Former British military heads say the scrapping of the UK’s troubled Nimrod surveillance aircraft fleet is ‘perverse’ and will put Britain at risk, but the ministry of defence says it has found ways to fill the gap the aircraft’s departure will cause.
In a letter to the Daily Telegraph, ex-commanders from the Air Force, Army and Navy said the decision, taken last year, could inflict serious long-term damage to Britain’s interests and leave the country’s Trident nuclear missiles aboard Vanguard class submarines vulnerable.
Dismantling of the aircraft began at the BAE Systems Woodford factory on Wednesday. Union leaders called for a halt to the scrapping of the aircraft, which were supposed to replace an even-older Nimrod MR2 fleet. The demolition job is estimated to be costing £200 million, the Daily Mirror reports.
Bernie Hamilton, of Unite union, said: “The lunatics have taken over the asylum when the Government orders the Ministry of Defence to break up £4 billion worth of world-class defence equipment. The decision to scrap the Nimrod leaves a huge gap in the UK’s defence capability and is a betrayal of the workers that played a part in its manufacture.”
The Nimrod MRA4 surveillance aircraft are able to detect and sink enemy submarines and also play a key role in drug-smuggling and counter-terrorism operations. “Nimrod would have continued to provide long-range maritime and overland reconnaissance — including over the UK — anti-submarine surveillance, air-sea rescue coordination, and perhaps most importantly, reconnaissance support to the Navy’s Trident submarines,” the defence chiefs’ letter read.
“Machine tools have been destroyed; several millions of pounds have been saved but a massive gap in British security has opened. Vulnerability of sea lanes, unpredictable overseas crises and traditional surface and submarine opposition will continue to demand versatile responsive aircraft,” the letter said.
It was signed by half a dozen retired military chiefs led by former Chief of the Defence Staff and RAF chief Lord David Craig, who now sits in the House of Lords. The other signatories were Major General Patrick Cordingley, the commander of the Desert Rats in the Gulf War; Major General Julian Thompson, the commander of land forces in the Falklands conflict, and Admiral Sir John “Sandy” Woodward, commander of the naval task force in the Falklands.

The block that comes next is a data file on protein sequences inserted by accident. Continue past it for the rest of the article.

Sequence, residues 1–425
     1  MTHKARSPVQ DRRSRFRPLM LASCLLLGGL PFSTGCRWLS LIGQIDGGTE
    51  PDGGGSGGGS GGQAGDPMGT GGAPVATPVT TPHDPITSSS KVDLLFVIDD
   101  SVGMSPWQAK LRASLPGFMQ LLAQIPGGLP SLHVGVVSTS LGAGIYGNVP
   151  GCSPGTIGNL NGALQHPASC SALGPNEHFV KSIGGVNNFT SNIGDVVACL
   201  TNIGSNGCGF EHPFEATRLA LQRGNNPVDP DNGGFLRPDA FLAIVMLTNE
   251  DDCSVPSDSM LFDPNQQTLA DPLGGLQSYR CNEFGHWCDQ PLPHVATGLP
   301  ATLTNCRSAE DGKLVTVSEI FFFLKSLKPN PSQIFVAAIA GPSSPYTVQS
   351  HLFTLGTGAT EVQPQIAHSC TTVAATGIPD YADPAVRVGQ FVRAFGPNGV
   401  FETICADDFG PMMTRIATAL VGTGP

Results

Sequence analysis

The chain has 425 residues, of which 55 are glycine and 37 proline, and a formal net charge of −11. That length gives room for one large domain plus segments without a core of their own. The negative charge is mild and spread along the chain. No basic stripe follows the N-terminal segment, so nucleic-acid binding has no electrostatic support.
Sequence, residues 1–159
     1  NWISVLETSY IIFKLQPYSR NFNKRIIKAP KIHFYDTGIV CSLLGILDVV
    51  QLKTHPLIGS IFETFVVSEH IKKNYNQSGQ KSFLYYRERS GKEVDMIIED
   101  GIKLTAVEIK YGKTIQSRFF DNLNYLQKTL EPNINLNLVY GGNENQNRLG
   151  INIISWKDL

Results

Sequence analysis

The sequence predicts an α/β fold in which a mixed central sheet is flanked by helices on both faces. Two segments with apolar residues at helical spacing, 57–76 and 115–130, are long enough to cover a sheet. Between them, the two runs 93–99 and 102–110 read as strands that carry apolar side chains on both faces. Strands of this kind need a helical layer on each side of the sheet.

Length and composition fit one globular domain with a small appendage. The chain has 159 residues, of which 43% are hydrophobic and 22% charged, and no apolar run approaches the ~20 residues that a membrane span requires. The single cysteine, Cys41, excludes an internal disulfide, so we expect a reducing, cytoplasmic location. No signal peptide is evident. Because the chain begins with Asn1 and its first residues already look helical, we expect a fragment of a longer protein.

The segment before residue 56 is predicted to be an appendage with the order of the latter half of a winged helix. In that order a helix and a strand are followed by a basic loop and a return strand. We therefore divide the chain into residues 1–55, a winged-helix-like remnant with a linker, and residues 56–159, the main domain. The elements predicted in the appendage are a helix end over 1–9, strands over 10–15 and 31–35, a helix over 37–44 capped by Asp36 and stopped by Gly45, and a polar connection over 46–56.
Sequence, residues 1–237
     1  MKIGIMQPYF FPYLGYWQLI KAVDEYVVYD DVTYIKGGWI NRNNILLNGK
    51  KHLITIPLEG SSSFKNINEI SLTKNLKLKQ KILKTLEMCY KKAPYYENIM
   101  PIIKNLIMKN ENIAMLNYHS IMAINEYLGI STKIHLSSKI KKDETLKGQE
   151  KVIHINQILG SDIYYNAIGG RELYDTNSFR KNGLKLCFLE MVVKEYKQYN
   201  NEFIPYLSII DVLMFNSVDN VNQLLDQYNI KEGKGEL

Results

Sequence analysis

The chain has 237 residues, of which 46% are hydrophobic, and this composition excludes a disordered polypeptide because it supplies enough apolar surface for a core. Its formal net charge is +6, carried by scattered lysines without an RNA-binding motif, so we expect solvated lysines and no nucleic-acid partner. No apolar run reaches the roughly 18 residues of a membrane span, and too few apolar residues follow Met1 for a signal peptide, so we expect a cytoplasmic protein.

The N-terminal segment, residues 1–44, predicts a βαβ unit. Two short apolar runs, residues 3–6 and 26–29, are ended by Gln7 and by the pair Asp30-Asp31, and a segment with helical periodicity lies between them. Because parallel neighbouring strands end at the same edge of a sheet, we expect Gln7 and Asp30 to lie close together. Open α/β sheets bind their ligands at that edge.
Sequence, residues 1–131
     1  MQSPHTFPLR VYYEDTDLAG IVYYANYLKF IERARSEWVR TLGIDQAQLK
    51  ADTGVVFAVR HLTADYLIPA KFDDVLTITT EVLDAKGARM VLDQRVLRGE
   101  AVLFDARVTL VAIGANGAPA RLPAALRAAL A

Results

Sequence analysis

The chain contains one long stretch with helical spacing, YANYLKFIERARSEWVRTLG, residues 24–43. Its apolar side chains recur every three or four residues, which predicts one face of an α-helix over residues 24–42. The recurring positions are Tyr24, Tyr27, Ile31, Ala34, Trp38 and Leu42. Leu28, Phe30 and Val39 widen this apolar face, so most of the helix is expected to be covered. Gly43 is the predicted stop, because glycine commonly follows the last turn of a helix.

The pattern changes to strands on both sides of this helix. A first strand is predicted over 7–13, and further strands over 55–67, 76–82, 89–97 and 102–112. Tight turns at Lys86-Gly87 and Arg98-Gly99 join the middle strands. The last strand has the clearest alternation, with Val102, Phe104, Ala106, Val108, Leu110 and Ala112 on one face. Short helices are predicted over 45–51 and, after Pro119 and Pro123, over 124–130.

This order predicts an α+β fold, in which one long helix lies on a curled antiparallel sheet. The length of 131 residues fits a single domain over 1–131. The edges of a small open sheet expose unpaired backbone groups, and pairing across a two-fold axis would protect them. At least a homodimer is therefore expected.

Prime Minister David Cameron’s spokesman denied that scrapping Nimrod undermined Britain’s defences. The spokesman said: “The role of maritime patrol will continue to be carried out and we will use a range of other military assets to do that.” He said the defence cuts were made against the backdrop of Britain’s record budget deficit and “a significant black hole” in the defence ministry’s budget. “This particular project was overspent, it had been delayed and none of the aircraft were actually operational,” he added.
General David Richards, the current head of the armed forces, said in a statement that “severe financial pressures” led to the decision to axe Nimrod and that the decision had not been taken lightly. “This project was delayed and overspent; cancelling it will save £2 billion over ten years. None of these nine aircraft were operational, only one was built and it had not passed flight tests,” he said.
However, shadow defence secretary Jim Murhphy said the decision was rushed. The UK has the Nimrod R1 signals intelligence aircraft in service, but this model will be retired in March and replaced by ex-US Air Force RC-135W Rivet Joint aircraft in 2014. The Royal Air Force operated Nimrod MR2s in the anti-submarine warfare, anti-surface unit warfare and search and rescue roles until they were retired in May 2010, which as a year earlier than planned due to financial reasons.
BAE Systems developed the Nimrod MRA4 to replace the capability provided by the MR2. A contract was signed in 1996 for 21 aircraft, but later reduced to twelve and then nine. Only two aircraft were eventually built (only one was fully constructed) under a programme that was subject to delays, cost over-runs and contract negotiations.
Leader of the Commons, Sir George Young blamed a “£38 billion deficit in the defence budget which we inherited from the outgoing government.” He said that the project was nine years late and saw a cost increase of 300%.
After the Nimrod MRA4 was cancelled in October last year, Peter Luff, minister for defence equipment, support and technology said, “the ministry of defence has sought to mitigate the gap in capability through the use of other military assets, including Type 23 Frigates, Merlin anti-submarine warfare helicopters and Hercules C-130 aircraft, and by relying, where appropriate, on assistance from allies and partners.”